A closer look into the state operating budget

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March 21, 2023

Dear Friends and Neighbors,

The major focus of the current legislative session is to develop and approve budgets for the 2023-2025 biennium. Washington state budgets on a two-year basis and develops three budgets: the operating, transportation, and capital budgets. The three budgets will go into effect July 1, 2023, for the 2023-2025 biennium. Budget authorization will end June 30, 2025.  After the House and Senate approve their respective budget proposals, the two chambers then appoint budget negotiators to discuss the differences between the budgets. All three budgets are very significant, but the operating budget is the largest and receives significant attention.

Operating Budget

The operating budget funds the day-to-day operations of the state, including K-12 education, higher education, human services, natural resources, and other programs. Forty-three percent of the state expenditures are dedicated to K-12 education and are protected by the State Supreme Court’s McCleary decision.

Operating budget overview

The operating budget funds the day-to-day operations of the state, including early learning, K-12 education, higher education, health and human services, criminal justice, natural resources, and other areas. The Washington state operating budget has grown considerably over the past 15 years and is $64.1 billion for 2021-2023. The budget writers also develop the operating budget based on a four-year outlook, even though the budget cycle is technically two years. The state’s reserve account is projected to be $6.6 billion at the end of the biennium. A portion of the total reserves is the Budget Stabilization Account, often referred to as the “Rainy Day Fund.” The current balance is $650 million. Each biennium or two-year period, legislators consider the estimated revenues and review expenditures to determine any adjustments to be made. Similar to other bills, the budgets need to be approved both the House and Senate and signed by the Governor in order to go into effect.

Budget Growth 23-25

The state operating budget has grown significantly over recent years, far outpacing population growth and inflation. Some – but not all – of these spending increases were in response to the 2012 State Supreme Court’s McCleary decision on K-12 education funding. Governor Inslee has proposed a $70.4 billion budget for 2023-25. This level of spending concerns me considering the uncertainty in the national economy.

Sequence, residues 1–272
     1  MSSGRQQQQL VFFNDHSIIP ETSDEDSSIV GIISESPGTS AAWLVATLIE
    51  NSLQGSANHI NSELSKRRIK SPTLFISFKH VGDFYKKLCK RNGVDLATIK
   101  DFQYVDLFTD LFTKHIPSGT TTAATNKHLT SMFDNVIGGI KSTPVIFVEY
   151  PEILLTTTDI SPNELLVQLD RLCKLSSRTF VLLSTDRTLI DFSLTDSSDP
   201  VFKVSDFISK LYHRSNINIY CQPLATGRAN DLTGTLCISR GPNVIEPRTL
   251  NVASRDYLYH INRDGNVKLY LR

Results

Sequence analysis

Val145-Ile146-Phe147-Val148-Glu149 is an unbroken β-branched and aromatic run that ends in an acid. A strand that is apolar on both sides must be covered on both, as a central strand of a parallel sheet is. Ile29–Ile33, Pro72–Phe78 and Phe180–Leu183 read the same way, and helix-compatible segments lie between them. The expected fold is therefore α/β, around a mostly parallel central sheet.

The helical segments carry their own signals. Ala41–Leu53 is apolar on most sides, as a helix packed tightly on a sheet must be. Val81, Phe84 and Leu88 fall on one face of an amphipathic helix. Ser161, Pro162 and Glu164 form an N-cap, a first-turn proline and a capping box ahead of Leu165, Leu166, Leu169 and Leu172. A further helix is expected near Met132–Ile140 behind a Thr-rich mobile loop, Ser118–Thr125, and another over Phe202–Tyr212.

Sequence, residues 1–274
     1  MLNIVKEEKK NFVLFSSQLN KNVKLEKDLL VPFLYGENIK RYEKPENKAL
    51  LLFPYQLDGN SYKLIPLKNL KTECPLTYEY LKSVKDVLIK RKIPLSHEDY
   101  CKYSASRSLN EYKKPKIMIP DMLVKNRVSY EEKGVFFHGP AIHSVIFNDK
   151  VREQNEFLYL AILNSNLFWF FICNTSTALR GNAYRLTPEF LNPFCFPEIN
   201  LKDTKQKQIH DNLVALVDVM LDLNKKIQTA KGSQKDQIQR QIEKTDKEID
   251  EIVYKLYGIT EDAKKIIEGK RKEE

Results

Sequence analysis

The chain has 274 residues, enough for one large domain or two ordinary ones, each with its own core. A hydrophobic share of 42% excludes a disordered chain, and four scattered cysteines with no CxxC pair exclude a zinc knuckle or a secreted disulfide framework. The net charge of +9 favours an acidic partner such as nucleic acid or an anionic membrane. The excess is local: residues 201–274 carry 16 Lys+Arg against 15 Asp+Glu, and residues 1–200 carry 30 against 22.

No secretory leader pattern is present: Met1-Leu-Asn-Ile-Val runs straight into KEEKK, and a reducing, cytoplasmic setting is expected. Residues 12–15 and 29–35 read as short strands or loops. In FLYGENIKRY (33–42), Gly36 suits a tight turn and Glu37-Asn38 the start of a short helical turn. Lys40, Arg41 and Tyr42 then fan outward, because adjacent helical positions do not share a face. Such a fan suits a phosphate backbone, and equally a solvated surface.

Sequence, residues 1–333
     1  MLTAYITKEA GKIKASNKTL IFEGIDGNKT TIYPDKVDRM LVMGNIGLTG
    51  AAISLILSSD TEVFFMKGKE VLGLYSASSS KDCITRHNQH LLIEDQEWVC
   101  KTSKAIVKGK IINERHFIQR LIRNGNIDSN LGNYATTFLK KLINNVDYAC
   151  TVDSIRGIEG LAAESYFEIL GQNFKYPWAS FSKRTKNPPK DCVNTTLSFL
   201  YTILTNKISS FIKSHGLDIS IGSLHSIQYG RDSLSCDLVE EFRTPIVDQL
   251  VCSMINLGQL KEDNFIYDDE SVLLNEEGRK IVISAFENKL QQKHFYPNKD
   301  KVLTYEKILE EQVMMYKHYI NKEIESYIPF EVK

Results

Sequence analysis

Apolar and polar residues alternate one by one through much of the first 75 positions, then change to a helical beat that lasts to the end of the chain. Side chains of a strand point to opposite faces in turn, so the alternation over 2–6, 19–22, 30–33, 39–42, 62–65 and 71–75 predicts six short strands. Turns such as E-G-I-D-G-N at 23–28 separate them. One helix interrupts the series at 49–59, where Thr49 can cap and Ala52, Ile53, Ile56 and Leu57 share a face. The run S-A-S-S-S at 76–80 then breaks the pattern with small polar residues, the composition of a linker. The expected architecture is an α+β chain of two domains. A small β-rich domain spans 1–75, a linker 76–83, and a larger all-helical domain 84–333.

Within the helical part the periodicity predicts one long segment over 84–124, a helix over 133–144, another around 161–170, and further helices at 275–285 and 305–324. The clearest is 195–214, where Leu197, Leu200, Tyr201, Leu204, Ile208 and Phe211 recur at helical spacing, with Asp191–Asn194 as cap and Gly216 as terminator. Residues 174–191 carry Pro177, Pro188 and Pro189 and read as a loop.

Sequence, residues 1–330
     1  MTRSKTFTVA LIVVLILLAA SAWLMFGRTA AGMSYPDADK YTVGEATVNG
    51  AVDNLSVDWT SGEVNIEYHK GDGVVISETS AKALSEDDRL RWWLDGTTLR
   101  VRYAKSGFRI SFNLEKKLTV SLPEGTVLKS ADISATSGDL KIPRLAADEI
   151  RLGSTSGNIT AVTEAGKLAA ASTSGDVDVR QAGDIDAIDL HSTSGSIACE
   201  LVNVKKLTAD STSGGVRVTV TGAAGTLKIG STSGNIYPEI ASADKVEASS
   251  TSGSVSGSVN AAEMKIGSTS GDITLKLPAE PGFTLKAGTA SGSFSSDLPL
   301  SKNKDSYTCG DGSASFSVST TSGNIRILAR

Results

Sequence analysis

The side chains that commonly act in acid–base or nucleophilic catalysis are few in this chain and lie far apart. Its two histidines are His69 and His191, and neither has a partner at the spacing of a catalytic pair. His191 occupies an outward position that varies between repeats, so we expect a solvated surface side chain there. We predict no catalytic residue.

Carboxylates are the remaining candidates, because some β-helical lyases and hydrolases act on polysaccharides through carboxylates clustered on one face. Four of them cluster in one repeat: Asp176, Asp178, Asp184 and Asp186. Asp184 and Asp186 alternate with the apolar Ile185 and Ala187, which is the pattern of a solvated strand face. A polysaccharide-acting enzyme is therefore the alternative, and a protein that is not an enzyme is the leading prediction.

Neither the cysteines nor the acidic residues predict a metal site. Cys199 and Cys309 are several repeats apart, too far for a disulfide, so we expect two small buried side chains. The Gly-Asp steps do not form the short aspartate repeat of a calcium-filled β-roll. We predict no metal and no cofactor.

Reviewing expenditures and revenues

In terms of state expenditures, much of the spending (43%) is dedicated to K-12 education with funding allocated to 295 school districts based on student enrollment and established formulas. Other spending includes such things as early learning, higher education, human services, corrections, debt service, long-term care, health care, and natural resources. On the revenue side, most of the taxes collected include the state portion of the sales, B&O, and state school tax. The state collects the remaining revenue from other charges and fees. The Washington State Economic and Revenue Forecast Council is responsible for estimating the incoming revenues and provides quarterly reports to the state. The next revenue forecast will be released this month and will help guide operating budget development during the final weeks and months of session. For more information about state budget, click fiscal.wa.gov or A Guide to the Washington State Budget Process.

Hawkins Floor

The budgets are complicated proposals that require months of development. Each budget is a separate bill that advances through their respective committees and eventually to the Senate floor for a full debate and vote. I will work hard to convey our district’s interest in each budget.

2023-2025 operating budget proposals

The state normally follows a traditional process for budget development. This process includes the governor releasing his budget proposal prior to the legislative session and the House and Senate developing their own proposals during session. The House and Senate are expected to release their budget proposals in April. Given the size and scope of the operating budget as well as differing philosophies about revenues and spending, it is common for differences to exist among the three budget proposals. Ultimately, all three sides (House, Senate, and Governor) need to agree on the exact same budget document in order for it to be enacted into law. When deep differences exist, sometimes the budget negotiations carry on toward the end of the fiscal year before a final agreed-upon budget is enacted. The current fiscal year ends June 30, 2023, and the new budget begins July 1, 2023. The budget authorizes expenditures for two years: July 1, 2023 – June 30, 2025.

Updated revenue chart

The overall revenues for the 2023-25 operating budget are expected to be $66.2 billion. Most of the budget revenue is a result of sales taxes and business taxes but other taxes provide smaller sources of revenue.

Thank you for the opportunity to serve

My position as State Senator exists to serve you. If you have any questions about the session timeline, state budgets, or other topics, please contact me at senatorbradhawkins.org. Please call our Legislative Hotline at 1-800-562-6000 if you need immediate assistance at any time. Be sure to like and follow me on Facebook @SenatorBradHawkins, for my latest updates.

Thank you for the opportunity to serve as your state senator.



Brad Hawkins



State Senator Brad Hawkins
12th Legislative District

Website: senatorbradhawkins.org

Facebook: @SenatorBradHawkins

107 Newhouse Building - P.O. Box 40412 | Olympia, WA 98504-0412
(360) 786-7622 or Toll-free: (800) 562-6000